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Schumpeter, Democracy, and the Scottish Enlightenments


  • Charles R. McCann


Much of the literature surrounding Schumpeter's 1942 Capitalism, Socialism and Democracy has focused on his reformulation of democratic theory rather than on the perceived tensions in the classical variant which motivated his reorientation. In contrast to the position of Schumpeter, the rational actor is not a prerequisite for the maintenance of the liberal political model, nor is communitarian organicism a necessary condition to the emergence of a social consciousness. Instead, rationality as it is portrayed in the classical liberal model that developed from the Scottish Enlightenment is given limited importance, while the social conscience is the critical element that gives rise to the communitarian ideal.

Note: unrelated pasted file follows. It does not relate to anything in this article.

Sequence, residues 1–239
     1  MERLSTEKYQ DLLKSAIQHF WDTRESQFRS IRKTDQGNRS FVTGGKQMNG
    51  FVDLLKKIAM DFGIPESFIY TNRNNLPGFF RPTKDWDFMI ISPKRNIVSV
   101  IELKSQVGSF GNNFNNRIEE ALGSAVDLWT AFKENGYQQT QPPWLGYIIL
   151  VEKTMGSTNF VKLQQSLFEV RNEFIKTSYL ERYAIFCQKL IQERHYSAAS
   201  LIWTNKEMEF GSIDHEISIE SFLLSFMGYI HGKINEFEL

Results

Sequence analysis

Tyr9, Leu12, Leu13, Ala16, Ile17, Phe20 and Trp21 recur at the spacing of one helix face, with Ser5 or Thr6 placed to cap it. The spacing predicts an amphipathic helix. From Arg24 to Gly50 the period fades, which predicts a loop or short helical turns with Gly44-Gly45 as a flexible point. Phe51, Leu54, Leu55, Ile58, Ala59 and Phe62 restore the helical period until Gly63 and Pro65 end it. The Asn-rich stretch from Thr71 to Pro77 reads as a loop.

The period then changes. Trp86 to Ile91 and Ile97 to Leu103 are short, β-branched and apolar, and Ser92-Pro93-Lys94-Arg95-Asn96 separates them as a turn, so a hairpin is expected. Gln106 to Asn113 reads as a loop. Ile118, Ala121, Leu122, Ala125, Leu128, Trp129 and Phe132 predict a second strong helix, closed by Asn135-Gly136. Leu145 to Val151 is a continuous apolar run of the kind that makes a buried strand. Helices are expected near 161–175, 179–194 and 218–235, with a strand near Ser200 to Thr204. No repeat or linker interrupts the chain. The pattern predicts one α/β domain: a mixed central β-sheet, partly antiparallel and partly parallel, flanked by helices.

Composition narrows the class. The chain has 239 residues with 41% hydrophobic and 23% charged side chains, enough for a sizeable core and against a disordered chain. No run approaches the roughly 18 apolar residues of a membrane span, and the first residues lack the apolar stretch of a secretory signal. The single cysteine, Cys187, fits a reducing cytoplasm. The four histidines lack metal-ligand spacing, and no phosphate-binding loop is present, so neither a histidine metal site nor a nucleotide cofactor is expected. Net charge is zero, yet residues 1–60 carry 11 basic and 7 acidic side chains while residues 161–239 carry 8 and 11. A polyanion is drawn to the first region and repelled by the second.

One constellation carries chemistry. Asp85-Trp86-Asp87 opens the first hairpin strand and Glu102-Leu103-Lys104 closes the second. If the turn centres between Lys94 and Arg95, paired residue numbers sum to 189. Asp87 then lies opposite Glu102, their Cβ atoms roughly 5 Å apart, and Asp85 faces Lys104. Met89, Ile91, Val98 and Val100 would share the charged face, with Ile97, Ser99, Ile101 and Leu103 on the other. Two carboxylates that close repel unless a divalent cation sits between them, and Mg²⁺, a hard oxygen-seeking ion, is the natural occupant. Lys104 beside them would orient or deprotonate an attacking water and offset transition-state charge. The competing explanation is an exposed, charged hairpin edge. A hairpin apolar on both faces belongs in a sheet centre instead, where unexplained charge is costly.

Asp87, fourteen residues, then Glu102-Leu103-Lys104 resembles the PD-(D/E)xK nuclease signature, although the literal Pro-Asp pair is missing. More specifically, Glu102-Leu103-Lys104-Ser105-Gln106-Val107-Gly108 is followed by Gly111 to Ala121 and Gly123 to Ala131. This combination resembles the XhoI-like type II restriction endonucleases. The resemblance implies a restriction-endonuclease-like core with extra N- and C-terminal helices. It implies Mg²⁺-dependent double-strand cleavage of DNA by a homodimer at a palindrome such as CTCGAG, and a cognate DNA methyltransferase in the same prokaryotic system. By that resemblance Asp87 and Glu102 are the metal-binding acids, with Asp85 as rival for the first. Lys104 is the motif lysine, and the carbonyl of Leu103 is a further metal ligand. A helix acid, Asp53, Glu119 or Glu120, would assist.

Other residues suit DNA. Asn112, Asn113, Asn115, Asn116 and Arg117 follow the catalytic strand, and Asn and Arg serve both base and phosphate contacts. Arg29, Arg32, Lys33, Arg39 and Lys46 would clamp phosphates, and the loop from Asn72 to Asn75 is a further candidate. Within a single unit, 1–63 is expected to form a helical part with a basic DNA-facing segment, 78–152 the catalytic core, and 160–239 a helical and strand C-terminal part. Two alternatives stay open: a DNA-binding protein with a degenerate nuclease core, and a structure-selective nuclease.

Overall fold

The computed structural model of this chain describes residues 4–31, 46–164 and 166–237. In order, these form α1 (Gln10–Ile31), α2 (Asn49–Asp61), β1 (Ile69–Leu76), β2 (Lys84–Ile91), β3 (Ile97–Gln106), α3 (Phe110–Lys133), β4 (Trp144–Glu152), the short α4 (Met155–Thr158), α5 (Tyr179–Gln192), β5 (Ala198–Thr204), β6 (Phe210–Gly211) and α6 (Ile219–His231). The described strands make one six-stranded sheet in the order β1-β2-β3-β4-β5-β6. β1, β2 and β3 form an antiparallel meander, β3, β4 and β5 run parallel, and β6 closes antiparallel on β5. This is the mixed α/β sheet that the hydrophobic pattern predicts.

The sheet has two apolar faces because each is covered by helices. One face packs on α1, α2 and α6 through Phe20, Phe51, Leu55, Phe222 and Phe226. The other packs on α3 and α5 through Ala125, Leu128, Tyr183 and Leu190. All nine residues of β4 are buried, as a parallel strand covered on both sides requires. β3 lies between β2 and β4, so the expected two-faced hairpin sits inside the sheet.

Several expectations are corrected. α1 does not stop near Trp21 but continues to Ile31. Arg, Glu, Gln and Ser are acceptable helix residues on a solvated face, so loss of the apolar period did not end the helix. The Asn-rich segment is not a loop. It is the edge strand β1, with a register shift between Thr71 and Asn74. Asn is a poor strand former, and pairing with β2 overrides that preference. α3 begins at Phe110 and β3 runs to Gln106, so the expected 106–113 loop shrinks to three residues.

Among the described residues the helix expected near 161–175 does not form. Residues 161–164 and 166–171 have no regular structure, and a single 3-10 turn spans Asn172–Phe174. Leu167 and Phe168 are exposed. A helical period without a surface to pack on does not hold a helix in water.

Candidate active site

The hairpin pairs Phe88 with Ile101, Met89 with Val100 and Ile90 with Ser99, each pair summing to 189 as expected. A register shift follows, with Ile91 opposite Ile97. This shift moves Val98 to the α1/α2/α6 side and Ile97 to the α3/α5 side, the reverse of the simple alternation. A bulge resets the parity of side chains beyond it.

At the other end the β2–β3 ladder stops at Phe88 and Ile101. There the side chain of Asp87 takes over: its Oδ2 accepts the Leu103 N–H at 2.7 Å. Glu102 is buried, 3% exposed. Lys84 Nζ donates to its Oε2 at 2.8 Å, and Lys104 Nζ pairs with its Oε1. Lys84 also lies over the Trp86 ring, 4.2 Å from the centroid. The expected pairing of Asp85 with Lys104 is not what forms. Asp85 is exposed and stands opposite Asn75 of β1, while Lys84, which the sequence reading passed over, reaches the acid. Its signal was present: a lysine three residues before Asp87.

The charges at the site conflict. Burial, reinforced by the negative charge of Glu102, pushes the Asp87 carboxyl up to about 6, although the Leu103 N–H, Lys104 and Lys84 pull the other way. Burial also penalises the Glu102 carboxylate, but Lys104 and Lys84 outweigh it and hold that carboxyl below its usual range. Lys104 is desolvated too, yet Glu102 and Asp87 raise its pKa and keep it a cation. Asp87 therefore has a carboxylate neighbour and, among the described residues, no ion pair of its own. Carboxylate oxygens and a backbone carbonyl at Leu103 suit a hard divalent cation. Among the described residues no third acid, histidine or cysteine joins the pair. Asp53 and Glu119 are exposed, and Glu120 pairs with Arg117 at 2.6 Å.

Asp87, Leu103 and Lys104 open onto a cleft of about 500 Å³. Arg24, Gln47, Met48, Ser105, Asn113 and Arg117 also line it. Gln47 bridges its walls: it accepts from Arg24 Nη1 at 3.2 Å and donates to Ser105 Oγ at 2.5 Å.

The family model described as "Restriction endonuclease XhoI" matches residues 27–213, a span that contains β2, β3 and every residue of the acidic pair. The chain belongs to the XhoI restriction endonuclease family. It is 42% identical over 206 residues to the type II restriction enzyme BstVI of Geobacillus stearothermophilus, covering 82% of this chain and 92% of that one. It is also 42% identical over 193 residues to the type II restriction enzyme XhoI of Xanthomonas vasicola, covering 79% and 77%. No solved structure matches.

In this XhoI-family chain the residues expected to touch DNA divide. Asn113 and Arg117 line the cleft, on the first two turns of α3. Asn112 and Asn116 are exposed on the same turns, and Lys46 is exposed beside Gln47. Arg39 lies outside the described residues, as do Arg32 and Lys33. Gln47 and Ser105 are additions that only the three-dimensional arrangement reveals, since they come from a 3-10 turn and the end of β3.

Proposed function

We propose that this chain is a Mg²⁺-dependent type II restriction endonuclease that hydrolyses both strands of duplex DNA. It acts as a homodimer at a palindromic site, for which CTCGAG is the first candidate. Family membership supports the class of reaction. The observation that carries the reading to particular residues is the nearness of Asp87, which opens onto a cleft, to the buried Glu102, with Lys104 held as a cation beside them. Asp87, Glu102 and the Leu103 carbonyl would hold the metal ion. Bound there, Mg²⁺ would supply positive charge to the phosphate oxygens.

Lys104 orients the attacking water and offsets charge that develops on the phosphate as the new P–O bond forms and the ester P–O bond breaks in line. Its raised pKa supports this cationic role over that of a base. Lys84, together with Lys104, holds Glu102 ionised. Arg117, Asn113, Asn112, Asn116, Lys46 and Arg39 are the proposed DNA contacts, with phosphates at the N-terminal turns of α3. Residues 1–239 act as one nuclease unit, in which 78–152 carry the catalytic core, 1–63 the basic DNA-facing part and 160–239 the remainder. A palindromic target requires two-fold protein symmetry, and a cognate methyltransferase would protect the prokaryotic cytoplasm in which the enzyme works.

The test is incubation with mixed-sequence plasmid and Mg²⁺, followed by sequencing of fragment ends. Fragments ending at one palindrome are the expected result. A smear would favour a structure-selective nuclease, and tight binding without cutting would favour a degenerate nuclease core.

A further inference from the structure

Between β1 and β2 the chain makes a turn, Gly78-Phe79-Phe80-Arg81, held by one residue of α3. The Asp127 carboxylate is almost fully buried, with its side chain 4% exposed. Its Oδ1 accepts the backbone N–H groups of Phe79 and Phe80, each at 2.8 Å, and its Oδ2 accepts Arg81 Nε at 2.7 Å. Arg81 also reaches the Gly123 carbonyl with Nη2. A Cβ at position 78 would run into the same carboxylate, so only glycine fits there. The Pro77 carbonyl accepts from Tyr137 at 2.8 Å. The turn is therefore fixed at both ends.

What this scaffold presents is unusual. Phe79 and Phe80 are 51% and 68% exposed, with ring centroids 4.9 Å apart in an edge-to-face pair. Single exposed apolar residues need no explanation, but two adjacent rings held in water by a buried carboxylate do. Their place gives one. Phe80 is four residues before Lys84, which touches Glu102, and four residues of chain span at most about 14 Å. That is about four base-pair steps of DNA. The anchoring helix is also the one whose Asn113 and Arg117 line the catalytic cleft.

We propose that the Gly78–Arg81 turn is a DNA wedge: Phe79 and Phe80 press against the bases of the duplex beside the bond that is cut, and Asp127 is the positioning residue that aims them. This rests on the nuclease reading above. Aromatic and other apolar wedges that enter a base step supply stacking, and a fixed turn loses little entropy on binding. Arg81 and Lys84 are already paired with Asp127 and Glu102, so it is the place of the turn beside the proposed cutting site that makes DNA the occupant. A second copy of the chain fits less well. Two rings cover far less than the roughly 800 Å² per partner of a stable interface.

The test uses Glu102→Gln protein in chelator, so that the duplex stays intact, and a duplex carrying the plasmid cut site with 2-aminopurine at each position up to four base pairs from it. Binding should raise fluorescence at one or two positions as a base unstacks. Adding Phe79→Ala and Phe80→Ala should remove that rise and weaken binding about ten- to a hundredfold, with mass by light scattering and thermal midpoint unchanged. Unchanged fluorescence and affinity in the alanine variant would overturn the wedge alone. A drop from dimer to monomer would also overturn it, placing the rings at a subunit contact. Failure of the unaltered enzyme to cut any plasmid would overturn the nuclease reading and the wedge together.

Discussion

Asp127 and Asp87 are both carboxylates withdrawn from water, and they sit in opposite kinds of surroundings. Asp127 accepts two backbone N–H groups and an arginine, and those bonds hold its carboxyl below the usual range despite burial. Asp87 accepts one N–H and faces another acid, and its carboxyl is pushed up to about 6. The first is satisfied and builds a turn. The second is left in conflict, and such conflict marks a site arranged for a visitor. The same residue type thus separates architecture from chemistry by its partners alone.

Suggested Citation

  • Charles R. McCann, 1999. "Schumpeter, Democracy, and the Scottish Enlightenments," Journal of Institutional and Theoretical Economics (JITE), Mohr Siebeck, Tübingen, vol. 155(4), pages 573-573, December.
  • Handle: RePEc:mhr:jinste:urn:sici:0932-4569(199912)155:4_573:sdatse_2.0.tx_2-2

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    References listed on IDEAS

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    Cited by:

    1. Massimo Egidi, 2017. "Schumpeter’s picture of economic and political institutions in the light of a cognitive approach to human behavior," Journal of Evolutionary Economics, Springer, vol. 27(1), pages 139-159, January.

    More about this item

    JEL classification:

    • B12 - Schools of Economic Thought and Methodology - - History of Economic Thought through 1925 - - - Classical (includes Adam Smith)
    • B31 - Schools of Economic Thought and Methodology - - History of Economic Thought: Individuals - - - Individuals


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